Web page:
Wednesday, 9 July 2014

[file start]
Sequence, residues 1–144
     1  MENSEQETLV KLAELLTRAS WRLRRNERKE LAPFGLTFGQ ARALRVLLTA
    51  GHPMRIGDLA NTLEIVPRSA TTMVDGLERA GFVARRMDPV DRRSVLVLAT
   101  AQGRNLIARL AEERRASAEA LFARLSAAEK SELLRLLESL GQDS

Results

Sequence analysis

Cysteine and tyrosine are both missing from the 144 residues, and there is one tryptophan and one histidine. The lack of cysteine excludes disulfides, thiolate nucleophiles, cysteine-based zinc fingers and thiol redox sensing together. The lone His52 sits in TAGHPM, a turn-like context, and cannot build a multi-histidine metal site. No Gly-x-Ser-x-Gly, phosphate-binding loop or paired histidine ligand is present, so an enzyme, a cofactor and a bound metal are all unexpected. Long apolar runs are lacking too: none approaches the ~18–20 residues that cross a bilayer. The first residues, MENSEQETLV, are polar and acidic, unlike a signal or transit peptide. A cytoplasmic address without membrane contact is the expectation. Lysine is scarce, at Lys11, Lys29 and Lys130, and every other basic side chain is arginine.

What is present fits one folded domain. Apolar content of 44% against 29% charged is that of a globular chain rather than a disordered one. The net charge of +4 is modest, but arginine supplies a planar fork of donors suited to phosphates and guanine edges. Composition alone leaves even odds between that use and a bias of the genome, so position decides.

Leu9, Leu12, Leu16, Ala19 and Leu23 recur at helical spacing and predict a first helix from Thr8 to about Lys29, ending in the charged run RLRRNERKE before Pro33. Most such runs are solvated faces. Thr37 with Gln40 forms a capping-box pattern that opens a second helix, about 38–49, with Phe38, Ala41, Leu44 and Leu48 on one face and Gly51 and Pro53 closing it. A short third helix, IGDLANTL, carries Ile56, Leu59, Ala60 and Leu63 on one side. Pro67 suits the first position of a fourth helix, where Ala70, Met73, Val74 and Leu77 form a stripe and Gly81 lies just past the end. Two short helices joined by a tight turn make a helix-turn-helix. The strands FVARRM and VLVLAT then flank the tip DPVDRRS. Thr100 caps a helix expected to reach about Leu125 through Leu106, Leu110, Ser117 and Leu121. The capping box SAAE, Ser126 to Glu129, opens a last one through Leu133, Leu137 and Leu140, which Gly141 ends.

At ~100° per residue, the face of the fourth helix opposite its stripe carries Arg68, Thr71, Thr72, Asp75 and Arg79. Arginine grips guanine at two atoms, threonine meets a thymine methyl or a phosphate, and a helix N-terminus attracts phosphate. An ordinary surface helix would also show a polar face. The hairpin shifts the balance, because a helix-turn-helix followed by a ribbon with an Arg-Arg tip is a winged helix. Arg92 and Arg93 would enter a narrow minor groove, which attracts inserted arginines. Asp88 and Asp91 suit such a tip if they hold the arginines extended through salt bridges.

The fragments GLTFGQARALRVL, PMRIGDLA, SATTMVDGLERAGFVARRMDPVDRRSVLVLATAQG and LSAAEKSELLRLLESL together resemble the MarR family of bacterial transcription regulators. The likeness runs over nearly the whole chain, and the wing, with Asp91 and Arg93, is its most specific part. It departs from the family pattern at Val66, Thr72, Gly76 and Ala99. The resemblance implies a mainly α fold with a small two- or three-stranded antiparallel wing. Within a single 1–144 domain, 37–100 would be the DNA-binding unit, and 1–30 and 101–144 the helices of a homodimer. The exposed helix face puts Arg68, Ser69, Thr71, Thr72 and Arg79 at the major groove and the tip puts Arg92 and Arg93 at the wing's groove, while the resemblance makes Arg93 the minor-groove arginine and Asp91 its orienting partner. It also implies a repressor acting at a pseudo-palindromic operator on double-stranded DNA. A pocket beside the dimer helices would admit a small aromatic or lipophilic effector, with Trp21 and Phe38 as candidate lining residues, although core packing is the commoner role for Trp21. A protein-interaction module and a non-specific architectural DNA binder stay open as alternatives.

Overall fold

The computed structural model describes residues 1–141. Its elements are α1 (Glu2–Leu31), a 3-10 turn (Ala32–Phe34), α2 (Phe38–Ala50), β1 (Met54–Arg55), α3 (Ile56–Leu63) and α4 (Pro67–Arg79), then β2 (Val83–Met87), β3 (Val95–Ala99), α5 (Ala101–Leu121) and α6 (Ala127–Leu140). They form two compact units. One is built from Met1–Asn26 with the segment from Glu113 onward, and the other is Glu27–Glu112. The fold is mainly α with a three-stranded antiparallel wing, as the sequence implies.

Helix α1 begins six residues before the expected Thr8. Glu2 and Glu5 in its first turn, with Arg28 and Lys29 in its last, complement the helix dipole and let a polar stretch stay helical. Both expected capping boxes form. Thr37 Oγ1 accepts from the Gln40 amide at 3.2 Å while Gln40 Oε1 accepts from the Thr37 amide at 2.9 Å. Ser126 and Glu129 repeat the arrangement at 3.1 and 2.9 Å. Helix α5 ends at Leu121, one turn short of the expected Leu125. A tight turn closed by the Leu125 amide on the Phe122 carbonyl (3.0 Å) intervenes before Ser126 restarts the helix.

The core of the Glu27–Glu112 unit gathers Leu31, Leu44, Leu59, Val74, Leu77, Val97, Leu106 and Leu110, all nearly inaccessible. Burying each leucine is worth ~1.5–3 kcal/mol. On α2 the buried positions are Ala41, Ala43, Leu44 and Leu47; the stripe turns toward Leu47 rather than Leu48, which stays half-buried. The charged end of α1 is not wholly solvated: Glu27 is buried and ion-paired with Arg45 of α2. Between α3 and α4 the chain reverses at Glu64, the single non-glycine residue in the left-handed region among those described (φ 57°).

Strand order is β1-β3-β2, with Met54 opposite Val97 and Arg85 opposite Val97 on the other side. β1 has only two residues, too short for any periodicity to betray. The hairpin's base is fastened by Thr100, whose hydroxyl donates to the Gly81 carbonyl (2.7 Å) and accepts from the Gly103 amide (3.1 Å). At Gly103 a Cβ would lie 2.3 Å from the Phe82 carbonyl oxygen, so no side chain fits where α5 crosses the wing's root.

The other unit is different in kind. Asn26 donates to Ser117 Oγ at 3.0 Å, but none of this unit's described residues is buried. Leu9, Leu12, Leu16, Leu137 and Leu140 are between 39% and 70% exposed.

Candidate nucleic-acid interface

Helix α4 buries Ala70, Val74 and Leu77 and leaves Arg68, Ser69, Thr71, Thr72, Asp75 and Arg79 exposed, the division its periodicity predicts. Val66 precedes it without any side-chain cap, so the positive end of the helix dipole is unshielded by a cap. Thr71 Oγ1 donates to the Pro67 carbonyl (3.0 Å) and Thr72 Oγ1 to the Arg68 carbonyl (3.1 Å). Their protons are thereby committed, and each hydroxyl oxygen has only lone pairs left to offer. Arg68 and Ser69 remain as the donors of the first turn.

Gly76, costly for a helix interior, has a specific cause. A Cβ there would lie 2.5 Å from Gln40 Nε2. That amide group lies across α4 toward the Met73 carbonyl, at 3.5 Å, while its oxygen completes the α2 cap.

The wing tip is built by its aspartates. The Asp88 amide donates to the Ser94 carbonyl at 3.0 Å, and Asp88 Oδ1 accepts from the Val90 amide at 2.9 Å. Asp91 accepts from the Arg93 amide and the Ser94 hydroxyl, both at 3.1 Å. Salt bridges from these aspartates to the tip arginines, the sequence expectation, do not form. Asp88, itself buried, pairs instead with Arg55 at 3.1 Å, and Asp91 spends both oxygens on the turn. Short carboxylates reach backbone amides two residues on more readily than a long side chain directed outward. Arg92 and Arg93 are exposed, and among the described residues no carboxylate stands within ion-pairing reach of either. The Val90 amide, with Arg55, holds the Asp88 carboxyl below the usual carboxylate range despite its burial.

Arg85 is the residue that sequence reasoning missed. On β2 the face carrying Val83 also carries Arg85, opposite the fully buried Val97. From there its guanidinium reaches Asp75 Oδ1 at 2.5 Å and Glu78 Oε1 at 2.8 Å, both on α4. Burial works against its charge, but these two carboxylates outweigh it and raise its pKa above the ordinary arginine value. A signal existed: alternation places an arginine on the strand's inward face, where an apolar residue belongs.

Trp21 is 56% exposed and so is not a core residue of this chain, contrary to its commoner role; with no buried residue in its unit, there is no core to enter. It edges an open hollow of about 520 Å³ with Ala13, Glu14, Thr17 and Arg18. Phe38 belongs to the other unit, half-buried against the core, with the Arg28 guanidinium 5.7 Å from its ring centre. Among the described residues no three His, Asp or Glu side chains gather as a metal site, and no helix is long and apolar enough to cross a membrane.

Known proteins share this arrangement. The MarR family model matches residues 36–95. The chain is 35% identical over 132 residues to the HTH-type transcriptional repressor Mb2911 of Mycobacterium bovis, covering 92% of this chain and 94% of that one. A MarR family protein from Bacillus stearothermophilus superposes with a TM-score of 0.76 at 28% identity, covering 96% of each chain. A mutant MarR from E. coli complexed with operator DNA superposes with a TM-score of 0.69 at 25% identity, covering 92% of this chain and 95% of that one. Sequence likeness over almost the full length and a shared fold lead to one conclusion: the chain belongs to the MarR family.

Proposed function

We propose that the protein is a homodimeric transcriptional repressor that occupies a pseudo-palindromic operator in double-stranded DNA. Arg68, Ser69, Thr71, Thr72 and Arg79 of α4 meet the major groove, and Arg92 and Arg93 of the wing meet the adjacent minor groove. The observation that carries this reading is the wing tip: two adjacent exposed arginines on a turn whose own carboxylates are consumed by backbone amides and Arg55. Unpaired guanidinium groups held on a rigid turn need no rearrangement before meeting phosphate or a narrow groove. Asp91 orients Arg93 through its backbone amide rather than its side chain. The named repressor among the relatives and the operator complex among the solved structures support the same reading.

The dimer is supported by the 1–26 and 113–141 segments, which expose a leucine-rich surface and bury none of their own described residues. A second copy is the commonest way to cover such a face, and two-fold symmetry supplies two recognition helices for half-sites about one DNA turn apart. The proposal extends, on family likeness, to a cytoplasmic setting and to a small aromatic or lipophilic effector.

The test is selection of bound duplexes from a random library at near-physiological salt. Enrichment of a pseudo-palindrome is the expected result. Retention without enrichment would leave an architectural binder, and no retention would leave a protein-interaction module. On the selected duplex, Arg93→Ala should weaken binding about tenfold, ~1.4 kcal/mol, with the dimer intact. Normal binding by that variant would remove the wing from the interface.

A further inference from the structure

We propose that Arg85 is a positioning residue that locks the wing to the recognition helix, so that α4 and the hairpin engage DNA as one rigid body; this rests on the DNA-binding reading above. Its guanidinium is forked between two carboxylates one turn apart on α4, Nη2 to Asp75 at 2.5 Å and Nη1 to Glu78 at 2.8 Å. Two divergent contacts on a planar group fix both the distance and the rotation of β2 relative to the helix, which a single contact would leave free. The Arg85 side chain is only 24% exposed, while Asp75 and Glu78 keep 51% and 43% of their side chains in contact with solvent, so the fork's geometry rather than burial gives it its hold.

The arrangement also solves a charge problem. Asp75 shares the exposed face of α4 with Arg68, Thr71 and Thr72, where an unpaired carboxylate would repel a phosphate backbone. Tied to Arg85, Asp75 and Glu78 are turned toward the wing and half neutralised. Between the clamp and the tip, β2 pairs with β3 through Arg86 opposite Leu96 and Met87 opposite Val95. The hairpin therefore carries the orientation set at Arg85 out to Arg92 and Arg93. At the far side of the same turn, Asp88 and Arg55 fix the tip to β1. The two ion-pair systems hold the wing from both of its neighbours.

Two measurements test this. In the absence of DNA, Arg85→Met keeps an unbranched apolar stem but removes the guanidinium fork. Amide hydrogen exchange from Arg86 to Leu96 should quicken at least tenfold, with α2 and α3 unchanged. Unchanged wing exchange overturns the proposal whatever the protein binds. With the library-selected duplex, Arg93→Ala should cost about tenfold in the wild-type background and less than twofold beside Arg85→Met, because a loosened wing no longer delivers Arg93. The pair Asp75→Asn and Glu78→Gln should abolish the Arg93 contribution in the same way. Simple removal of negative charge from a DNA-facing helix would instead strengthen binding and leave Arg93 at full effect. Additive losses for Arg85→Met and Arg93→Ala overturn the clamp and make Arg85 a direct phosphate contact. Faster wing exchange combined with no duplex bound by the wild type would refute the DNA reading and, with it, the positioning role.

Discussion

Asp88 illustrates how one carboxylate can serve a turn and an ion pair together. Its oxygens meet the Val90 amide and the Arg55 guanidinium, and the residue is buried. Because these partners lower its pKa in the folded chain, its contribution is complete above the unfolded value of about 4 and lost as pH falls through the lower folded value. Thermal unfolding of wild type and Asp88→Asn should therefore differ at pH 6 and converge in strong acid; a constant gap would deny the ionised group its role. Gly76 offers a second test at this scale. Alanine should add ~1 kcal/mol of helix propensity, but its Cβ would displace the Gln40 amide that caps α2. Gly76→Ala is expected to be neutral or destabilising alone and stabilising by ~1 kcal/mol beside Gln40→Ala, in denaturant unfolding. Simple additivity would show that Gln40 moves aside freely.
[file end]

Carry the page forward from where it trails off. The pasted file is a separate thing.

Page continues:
Instrument design and initial observations are presented from the TCNJ Cloud Catcher a novel balloon-borne device designed to capture, preserve, and return cirrus particles for transfer and imaging via high-resolution Environmental Scanning Electron Microscopy (ESEM). The 5 pound prototype payload houses a custom-fabricated insulated cryo-containment chamber which is carried aloft by weather balloon, returned to earth by parachute, and tracked by GPS. A 1 cm2 top-side aperture on the containment chamber is operated by a pressure switch, allowing ice particles to fall gently into the containment vessel as the catcher ascends slowly through the cirrus cloud and only when the pressure (and cirrus altitude) is within a pre-defined range (typically 400 to 50 mb). The cryo-containment chamber has been designed to maintain equilibrium ice saturation and isothermal temperatures at approximately -50°C (for up to ~12 hours outside the lab, or longer in cold-storage), such that captured ice particle surfaces can be preserved as closely as possible to their state of capture. The sealed central storage cell within the containment chamber has been designed so that it can be sealed, removed, and transferred directly to the ESEM cold stage without altering the ice/vapor equilibrium around the captured crystals. Once the equilibrium conditions are matched within the ESEM chamber environment, the sealed orifice to the cell is peeled off through motion of the ESEM stage, allowing direct imaging at equilibrium conditions. The Cloud Catcher includes the pre-chilled cryo-container, aperature control electronics, 2 GPS tracking devices, HD video camera, and temperature, pressure, and humidity loggers along with a 6-legged construction intended to promote upright landing. The device, parachute (5 ft. Rocketman) , and balloon (300 gram Kaymont) assembly is launched during cirrus coverage from a location determined by trajectory modeling to result in a landing/recovery site in an agricultural corridor just west of Princeton to promote easy recovery and access to the ESEM. Trial flights have verified intended operation: balloons ascended to ~60,000 feet at ~3 m/s, burst, and the payload descended at ~ 5 m/s. Payloads where recovered on all but the first trial and were confirmed to have captured and preserved cirrus particles on one instance (9/2/13). Unfortunately, the Princeton ESEM malfunctioned on this date and ESEM images could not be acquired. Nevertheless, proof-of-concept was achieved. We are confident of achieving successful capture and ESEM imaging of cirrus particles.
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